My daughter and I sat in our travel chairs, watching the soccer game. We cheered on her teammates and told them “good work” and “way to go” when they ran over for water breaks.
Our coach cheered them on also, and she pushed them to persevere. At one point she called out, “I don’t want to see any more walking out there!”
We’ve heard her say those same words at soccer practices all season. There’s not much reason to walk around on a soccer field. Pretty much anywhere you need to be, you need to get there fast.
My daughter, though, sat through the whole game, her crutches leaned against her chair. She had hobbled onto the side of the field just to watch and cheer since running (and even walking) was impossible.
She sprained her ankle in gym about a week ago and she’s thankfully on the mend. Today, she finally stepped onto the school bus without any crutches.
These past few days, she has moved slowly and depended on others for constant help. Sweet friends have carried her backpack down the hallway and toted her binders from class to class. Her kind teacher has carried her lunch tray for her. Friends at play rehearsal have given her piggyback rides and actually carried her around as we ran through choreography.
She needed help and others have so generously given that help.
This week as we’ve sat on the soccer sidelines while my daughter heals up, I’ve been thinking about walking, running and hobbling around, and how sometimes the best we can do is a slow, painful crawl while others help us along.
Then there are times when we need to be in top form, running and running and running . God equips us for the running seasons. He trains and disciplines us for the sprint and He calls us out for the occasional marathon.
But that doesn’t mean we de-value the simple, faithful, daily act of walking or the seasons when walking alone takes perseverance.
“Run your own race.” That little bit of encouragement tells us not to give up when we’re on crutches and our best friend is zooming across finish lines.
We also remember what Isaiah said:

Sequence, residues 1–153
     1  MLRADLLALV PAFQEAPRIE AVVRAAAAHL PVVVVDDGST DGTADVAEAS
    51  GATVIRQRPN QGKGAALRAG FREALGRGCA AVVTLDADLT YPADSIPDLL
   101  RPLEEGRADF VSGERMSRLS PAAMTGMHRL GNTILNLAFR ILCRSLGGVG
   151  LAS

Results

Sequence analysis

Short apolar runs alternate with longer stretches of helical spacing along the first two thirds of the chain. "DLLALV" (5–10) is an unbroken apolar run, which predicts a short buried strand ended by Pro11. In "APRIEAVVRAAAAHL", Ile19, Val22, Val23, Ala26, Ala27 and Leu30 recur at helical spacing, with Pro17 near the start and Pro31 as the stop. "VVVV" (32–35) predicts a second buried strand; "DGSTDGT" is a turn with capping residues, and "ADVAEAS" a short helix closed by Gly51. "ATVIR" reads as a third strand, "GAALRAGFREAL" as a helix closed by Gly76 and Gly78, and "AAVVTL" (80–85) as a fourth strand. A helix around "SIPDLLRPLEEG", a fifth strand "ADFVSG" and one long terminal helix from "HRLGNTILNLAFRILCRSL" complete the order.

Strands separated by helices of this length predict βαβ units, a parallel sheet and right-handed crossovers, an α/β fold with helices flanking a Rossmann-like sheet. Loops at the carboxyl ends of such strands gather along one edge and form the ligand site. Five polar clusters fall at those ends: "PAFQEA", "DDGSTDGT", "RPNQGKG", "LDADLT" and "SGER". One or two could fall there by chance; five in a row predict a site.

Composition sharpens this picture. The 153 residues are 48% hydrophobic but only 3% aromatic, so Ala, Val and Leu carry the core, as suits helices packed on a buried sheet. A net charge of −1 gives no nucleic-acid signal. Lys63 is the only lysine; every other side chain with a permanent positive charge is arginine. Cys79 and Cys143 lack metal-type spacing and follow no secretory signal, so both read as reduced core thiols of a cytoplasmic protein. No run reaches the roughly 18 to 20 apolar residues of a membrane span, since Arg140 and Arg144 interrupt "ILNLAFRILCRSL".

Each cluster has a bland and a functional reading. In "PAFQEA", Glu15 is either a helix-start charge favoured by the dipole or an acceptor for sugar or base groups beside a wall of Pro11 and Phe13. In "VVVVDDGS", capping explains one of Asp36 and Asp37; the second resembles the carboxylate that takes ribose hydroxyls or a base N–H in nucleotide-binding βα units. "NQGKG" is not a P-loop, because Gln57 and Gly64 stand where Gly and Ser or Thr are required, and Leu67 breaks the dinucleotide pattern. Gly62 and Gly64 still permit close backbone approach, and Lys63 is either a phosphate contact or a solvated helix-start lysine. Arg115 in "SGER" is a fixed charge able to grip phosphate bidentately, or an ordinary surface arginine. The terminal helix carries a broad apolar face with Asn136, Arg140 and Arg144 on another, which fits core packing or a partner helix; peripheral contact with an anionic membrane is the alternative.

but those who trust in the Lord
will renew their strength;
they will soar on wings like eagles;
they will run and not become weary,
they will walk and not faint (Isaiah 40:31 CSB).
We will have times that we soar.
We will have times that we run.
We will have times that we walk.
Our pace doesn’t need to match anyone else’s, as long as we’re traveling with the Lord.
This same thought encourages me in another way. Not just to keep going and not give up. Not just to avoid comparing my speed with anyone else’s, choosing instead to be content with my own journey.
But also this–don’t criticize someone else’s pace.
One of my daughter’s teammates took a moment after the game to tell her, “Thanks for the support. I hope you feel better soon.”
He thanked her—even though she had spent the game in a chair on the side of the field.
Sometimes the people around us who are limping along on crutches need us to say, “Keep it up! You can make it!” Sometimes, they need us to carry a binder or bookbag because they cannot do that alone.
When we’re sprinting, it can be easy to judge others who aren’t. But Jesus calls us to grace. Jesus calls us to compassion and encouragement, gentleness and kindness with our brothers and sisters.
Today, I read:
The end of a matter is better than its beginning;
a patient spirit is better than a proud spirit.
9 Don’t let your spirit rush to be angry,
for anger abides in the heart of fools (Eccles. 7:8-9)
God cultivates the patient spirit within us.
He doesn’t say that a patient spirit is better than a “hasty” spirit or an “impatient” spirit. He says it’s better than being proud.
That’s because it’s pride that drives haste and impatience and a rush into anger when others don’t meet our expectations or pass our judgment.
Matthew Poole’s commentary says this verse is partly “to correct the vulgar error of proud men, who think highly of themselves, and trample all others, especially such as are meek and patient, under their feet.”
May that not describe me.
In my haste, eagerness, devotion, or passion, may I never trample over others, especially the meek and patient around me.
May this also be true: May I value the walking seasons instead of envying when others run. May I be a cheerleader for those around me. May I be a help instead of a hurt to those who might be wounded or weary.